Slokt by Sea was also launched by Red Squirrel on 17th January. It grew out of nalini Paul’s year in residence in Orkney as George Mackay Brown Writing Fellow. It’s a quiet book, a bit disenegaged for my taste at the moment, but full of good things.The word ‘slokt’ means drenched, or quenched, and the book is thoroughly soaked in Nalini Paul’s engagement with the sea, from a first encounter with high water crossing the Churchill barriers to a distant view of the Old Man of Hoy. It is full of music Lark Ascending, Danse Macabre and traditional Orkney fiddle music, and haunted by the legendary selkies – the seal-people, human on land and seal in the sea.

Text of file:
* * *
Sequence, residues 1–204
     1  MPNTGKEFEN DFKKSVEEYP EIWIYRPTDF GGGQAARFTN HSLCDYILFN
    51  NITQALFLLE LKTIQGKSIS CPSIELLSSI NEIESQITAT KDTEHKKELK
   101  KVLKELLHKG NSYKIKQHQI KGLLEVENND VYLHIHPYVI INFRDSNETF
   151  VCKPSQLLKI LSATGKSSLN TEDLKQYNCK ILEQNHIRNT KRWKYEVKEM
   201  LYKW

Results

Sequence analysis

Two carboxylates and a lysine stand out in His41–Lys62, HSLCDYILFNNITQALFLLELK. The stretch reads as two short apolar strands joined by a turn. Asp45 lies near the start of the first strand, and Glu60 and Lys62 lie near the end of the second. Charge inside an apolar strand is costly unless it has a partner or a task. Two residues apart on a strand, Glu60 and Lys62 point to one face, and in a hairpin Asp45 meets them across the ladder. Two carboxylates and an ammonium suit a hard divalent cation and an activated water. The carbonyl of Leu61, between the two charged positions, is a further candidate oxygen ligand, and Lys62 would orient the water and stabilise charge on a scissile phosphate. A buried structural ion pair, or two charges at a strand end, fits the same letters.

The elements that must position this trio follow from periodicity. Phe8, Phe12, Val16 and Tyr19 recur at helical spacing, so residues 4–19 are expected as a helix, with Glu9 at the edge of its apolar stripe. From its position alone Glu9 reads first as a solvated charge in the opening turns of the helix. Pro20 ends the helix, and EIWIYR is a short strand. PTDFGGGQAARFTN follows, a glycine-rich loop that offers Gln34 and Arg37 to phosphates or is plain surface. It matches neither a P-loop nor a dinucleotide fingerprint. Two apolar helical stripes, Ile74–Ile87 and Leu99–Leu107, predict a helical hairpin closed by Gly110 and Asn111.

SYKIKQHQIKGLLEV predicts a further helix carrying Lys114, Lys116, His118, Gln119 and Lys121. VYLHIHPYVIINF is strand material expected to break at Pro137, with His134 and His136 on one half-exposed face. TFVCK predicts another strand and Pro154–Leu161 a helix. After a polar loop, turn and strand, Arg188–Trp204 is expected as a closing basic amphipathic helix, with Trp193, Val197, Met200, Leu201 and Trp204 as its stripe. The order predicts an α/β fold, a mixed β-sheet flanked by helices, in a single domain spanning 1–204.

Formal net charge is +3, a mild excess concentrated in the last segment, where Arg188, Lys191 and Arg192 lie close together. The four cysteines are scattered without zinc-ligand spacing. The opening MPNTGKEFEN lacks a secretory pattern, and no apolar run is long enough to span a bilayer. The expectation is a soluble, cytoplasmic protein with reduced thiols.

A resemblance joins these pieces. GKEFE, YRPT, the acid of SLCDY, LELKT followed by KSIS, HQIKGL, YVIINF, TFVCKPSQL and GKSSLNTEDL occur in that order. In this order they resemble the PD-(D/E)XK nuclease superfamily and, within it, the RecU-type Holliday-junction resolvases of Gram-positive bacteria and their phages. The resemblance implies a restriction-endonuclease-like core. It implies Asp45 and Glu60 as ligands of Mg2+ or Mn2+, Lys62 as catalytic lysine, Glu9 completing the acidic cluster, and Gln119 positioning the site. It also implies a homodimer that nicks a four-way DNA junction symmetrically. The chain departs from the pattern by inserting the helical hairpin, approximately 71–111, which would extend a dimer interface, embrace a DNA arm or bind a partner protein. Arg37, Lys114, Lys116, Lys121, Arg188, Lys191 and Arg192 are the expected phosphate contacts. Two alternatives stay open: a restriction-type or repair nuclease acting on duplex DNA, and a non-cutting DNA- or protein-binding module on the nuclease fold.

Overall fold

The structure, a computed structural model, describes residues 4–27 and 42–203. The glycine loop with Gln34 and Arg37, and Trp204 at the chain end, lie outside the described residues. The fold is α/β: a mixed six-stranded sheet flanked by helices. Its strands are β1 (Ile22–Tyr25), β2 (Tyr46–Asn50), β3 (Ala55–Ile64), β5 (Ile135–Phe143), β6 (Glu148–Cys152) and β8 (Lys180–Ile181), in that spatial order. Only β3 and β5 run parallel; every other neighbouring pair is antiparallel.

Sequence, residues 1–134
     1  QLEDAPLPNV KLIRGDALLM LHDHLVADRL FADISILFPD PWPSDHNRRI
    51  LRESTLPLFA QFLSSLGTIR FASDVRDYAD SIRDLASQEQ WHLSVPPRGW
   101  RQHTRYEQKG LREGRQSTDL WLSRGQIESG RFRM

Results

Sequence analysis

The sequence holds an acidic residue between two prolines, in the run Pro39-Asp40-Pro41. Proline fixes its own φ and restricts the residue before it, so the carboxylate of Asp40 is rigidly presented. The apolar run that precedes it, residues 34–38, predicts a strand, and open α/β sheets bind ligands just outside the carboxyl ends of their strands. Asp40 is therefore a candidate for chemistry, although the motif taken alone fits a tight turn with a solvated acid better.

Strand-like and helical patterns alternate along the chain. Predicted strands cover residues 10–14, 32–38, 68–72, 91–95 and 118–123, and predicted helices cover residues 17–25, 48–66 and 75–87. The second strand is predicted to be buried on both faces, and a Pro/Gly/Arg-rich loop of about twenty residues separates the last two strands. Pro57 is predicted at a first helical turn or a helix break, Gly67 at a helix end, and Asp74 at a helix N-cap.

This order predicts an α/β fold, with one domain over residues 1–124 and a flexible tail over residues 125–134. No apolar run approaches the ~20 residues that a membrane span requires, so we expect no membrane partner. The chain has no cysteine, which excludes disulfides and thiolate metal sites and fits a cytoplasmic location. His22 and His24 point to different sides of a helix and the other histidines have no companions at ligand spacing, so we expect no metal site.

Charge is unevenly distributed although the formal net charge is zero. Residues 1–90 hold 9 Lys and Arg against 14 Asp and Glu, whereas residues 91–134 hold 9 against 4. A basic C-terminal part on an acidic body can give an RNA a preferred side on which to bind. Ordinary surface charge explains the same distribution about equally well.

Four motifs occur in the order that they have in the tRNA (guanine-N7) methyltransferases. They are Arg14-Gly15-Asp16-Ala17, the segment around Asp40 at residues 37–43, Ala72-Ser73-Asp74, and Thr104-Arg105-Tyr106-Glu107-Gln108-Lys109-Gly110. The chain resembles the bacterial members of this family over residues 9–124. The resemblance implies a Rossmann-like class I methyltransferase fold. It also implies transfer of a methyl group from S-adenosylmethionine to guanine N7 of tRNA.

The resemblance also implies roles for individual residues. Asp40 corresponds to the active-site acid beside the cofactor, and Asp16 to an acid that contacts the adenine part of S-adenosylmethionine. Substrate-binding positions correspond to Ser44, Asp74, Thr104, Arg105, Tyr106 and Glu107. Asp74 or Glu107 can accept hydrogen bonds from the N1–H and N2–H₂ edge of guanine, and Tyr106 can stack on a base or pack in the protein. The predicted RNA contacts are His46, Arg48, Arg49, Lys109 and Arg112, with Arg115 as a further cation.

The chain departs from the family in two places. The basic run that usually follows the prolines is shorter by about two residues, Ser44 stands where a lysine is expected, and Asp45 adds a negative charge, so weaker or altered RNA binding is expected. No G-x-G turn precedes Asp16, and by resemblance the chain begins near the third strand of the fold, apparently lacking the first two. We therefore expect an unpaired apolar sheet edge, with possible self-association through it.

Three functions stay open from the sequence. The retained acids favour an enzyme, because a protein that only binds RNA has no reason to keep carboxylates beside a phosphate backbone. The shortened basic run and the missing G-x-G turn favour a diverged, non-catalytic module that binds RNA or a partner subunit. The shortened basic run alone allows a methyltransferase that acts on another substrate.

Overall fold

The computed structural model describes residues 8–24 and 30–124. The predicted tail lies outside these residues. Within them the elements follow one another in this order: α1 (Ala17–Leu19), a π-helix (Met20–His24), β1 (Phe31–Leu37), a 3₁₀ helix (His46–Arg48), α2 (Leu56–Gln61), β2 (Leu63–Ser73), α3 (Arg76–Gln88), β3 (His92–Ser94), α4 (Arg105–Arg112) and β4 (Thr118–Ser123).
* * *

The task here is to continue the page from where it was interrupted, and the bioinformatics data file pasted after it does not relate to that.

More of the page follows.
She is very conscious of landscape and weather. There is rain:
Sheets of rain sweep over the streets
and wind, peat and birds. I love her snapshot of gannets off Lerwick;
scissors fold shut
before the plunge
and the night sky:
a bowl of hidden stars
and the way she uses colours and textures, as in the first poem Moth, or in Sunshine in the Hope. I hope there are more Orkney poems to come.